Split system calculator for new house


  #1  
Old 08-25-13, 08:59 AM
F
Member
Thread Starter
Join Date: Jan 2009
Location: Kansas
Posts: 49
Received 0 Votes on 0 Posts
Split system calculator for new house

I am in the process of building a new country style house, and have read that it is important to size the AC unit correctly because it both cools and dehumidifies the interior of the house. I also have read that smaller units work more efficiently and overly large units will not run long enough to dehumidify the house.

Is there a good online calculator for determining the proper size split system to purchase for new house construction?

I know that there are many variables to consider, such as size of the house, insulation, windows, geographical area, etc. My house being built is 1300 sq. ft. main floor over a full basement. There are no vaulted ceilings. The roof is 12/12 pitch with room-in-the-attic spaces of another 400 sq. ft. The exterior walls are 2x6. For insulation, I plan a minimum of R-19 walls and R-30 ceilings. In addition, the basement walls on the interior will have 1.5" foam boards glued on, the exterior stud walls of the house will have 3/4" foam boards under the siding with blown in sticky cellulose between the 2x6 studs, the roof is standing seam light paint metal, and will have a radiant barrier installed under the roof rafters. All windows are top of the line Marvin Ultimate Low E with reflective coatings, etc. There are no skylights and no west facing windows. Windows on the south side will have awnings or overhangs to block the sun rays.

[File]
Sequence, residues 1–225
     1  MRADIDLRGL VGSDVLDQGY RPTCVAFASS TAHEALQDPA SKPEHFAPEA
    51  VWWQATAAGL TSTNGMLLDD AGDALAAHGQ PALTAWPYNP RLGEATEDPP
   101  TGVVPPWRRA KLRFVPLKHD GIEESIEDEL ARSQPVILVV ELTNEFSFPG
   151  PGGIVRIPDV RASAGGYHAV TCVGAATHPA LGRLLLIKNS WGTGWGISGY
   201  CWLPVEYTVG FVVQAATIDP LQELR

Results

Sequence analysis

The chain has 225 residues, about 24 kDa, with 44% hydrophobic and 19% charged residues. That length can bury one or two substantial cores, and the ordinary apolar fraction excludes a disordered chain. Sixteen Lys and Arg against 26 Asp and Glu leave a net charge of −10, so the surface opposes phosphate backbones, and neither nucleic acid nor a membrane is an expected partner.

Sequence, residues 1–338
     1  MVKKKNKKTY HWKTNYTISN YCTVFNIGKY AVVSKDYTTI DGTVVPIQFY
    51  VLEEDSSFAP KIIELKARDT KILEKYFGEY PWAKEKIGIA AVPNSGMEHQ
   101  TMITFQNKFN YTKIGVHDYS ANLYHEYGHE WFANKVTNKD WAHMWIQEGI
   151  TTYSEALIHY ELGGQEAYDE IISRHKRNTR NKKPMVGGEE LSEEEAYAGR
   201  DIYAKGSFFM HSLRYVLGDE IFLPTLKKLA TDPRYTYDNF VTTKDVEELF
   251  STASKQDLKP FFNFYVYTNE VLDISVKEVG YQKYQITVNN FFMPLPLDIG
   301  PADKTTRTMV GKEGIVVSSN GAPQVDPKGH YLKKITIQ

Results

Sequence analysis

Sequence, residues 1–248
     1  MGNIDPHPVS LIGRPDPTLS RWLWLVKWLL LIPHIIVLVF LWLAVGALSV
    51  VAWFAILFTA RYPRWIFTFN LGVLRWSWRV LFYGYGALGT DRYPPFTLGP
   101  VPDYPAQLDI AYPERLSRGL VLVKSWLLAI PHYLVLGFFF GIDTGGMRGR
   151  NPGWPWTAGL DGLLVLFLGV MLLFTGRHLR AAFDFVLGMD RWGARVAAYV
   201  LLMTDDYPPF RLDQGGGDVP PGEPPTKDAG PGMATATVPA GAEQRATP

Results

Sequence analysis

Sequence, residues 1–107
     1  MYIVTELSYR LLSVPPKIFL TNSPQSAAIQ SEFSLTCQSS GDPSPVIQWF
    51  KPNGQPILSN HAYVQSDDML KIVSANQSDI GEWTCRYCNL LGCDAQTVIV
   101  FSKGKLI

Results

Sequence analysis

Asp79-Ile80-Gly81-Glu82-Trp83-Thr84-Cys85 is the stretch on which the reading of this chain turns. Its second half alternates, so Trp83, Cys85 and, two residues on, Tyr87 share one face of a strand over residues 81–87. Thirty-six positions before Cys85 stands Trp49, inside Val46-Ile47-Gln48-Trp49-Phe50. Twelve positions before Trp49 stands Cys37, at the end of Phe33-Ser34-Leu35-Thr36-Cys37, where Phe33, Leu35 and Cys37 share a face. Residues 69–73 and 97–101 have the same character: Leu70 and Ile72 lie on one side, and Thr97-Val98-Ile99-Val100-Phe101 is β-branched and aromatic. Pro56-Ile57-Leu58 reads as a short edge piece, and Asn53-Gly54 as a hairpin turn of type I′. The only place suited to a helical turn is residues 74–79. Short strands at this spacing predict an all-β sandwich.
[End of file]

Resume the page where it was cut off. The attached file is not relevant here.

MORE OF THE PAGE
A friend of mine who is an HVAC contractor is going to install a 95% efficiency split system, but he tends to oversize units and I do not think that he understands how to size a unit for a super efficient house. For example, he told me that it is much better to have an overly large unit because they run less and last longer. The house is in south-central Kansas where everything is temperate. Given the above specs, what would be your recommendation on the AC tonnage and furnace BTU size for such a house? In the alternative, can anyone point me to a website with a detailed calculator or formulas to use to get an educated answer. I am just concerned about having to buy and live with an overly large unit sized by using the ball park method. Knowledge is always power, and this site is great!

Regards,
Chuck
 
  #2  
Old 08-25-13, 09:51 AM
C
Member
Join Date: Aug 2008
Location: Texas, California
Posts: 1,498
Received 1 Vote on 1 Post
My guess is 2.5 ton. if you really want to do some calculation (I don't trust it) , Google for
Manual J. If I were in your area, I will look for similar houses in the same area and see what they have, and go from there.
 
  #3  
Old 08-25-13, 11:17 AM
T
Member
Join Date: Jul 2008
Location: Kansas
Posts: 317
Received 0 Votes on 0 Posts
There are low cost load calc software to be downloaded. You have to understand with a new house, you are going to have to live with the decisions you make now, for the next 20 years or more. Do it right and don't count on my estimate or anyone elses. Know for sure. You want my guess? New construction, I'd guess 2 ton with 60,000 furnace. Don't trust my guess. Know for sure.